Princess Diana said the only thing Prince Charles “learned about love from the Queen and Prince Philip was shaking hands”, a new biography claims.
The Prince of Wales was never kissed or cuddled by his parents, Prince Philip and Queen Elizabeth II, when he was a child, according to the new book.
A new biography of Prince Philip also says that the Duke of Edinburgh did not attend the birth of Prince Charles on November 14, 1948.
The book says: “He had been playing squash at the time, and on seeing his newborn son declared that he looked ‘like a plum pudding’.”
According to the biography, Philip and Elizabeth saw little of their offspring because of their official engagements.
The biography, which was serialised in the Daily Mail, reads: “Princess Elizabeth spent her 24th birthday, in April 1950, when Charles was just 18 months old, in Malta watching her husband play polo before returning to England to await the birth of her second child, Anne, in August.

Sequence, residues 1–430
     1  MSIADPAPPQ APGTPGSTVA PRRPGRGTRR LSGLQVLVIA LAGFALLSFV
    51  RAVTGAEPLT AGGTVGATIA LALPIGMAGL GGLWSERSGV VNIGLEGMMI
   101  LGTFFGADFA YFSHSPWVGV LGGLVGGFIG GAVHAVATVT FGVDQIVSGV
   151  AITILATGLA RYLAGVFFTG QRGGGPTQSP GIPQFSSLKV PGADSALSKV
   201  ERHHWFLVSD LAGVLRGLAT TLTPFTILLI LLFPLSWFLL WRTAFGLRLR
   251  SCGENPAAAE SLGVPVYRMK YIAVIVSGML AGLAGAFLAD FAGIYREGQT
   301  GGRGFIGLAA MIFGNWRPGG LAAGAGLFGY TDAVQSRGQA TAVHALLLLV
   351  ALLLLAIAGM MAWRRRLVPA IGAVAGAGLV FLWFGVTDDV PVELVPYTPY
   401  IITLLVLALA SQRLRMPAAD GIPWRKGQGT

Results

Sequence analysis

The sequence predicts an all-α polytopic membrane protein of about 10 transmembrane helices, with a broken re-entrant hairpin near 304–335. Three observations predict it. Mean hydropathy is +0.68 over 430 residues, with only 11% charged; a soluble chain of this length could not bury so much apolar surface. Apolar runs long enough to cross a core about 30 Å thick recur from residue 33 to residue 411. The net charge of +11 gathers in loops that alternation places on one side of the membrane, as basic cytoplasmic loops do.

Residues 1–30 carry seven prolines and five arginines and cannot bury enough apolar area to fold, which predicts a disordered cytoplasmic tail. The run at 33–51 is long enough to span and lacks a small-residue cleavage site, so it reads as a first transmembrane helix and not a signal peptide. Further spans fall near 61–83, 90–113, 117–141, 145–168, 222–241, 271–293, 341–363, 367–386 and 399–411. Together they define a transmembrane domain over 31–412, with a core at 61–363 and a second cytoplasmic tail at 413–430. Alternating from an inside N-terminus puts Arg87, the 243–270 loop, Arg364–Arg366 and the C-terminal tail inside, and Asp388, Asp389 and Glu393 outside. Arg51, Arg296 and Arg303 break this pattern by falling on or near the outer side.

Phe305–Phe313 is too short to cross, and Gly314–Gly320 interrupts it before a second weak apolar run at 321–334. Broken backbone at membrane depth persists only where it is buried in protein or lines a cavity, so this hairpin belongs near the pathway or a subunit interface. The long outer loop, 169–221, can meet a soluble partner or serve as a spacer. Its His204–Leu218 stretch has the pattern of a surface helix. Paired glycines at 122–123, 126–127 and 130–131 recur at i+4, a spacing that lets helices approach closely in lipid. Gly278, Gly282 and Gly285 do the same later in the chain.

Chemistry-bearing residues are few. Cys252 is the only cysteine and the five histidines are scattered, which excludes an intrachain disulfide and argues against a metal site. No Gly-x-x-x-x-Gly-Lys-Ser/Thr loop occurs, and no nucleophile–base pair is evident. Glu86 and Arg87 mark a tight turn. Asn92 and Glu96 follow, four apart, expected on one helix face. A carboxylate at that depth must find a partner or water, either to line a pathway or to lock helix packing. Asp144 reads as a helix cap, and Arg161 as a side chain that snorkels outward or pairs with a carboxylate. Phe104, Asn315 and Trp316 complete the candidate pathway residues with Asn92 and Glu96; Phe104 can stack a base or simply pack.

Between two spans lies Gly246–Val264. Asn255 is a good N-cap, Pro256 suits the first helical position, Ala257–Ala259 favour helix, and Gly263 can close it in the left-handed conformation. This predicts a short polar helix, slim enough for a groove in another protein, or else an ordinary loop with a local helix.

“She then spent the late summer at Balmoral before joining Philip in Malta again for a holiday, leaving their four-month-old daughter and two-year-old son to spend Christmas without them at Sandringham.
“Charles found these long separations from his mother, according to the official court correspondent of the time, Godfrey Talbot, ‘very upsetting and bewildering’.”
Princess Diana reportedly said that because of his upbringing, Prince Charles did not express his emotions physically.
The Princess of Wales reportedly said: “The only thing he learned about love was shaking hands.”
Diana said “his feelings seemed to have been suffocated at birth”, according to the biography.
The book Prince Philip Revealed, by Ingrid Seward, also claims “only Charles’ nannies showed him affection”.
Eileen Parker, the former wife of one of Philip’s closest friends, Mike Parker, said: “Philip tolerated Charles but he wasn’t a loving father.
“I think Charles was frightened of him. He became very quiet when Philip was around.”
The book’s author also said that Prince Philip’s method of teaching Charles to swim, for example, was to drag, or sometimes throw, him into the Buckingham Palace pool.
On one occasion Charles’s nanny objected, raising her three-year-old charge’s “chestiness”.
Philip reportedly replied: “It’s ridiculous to make such a fuss of him. There’s nothing wrong with him.”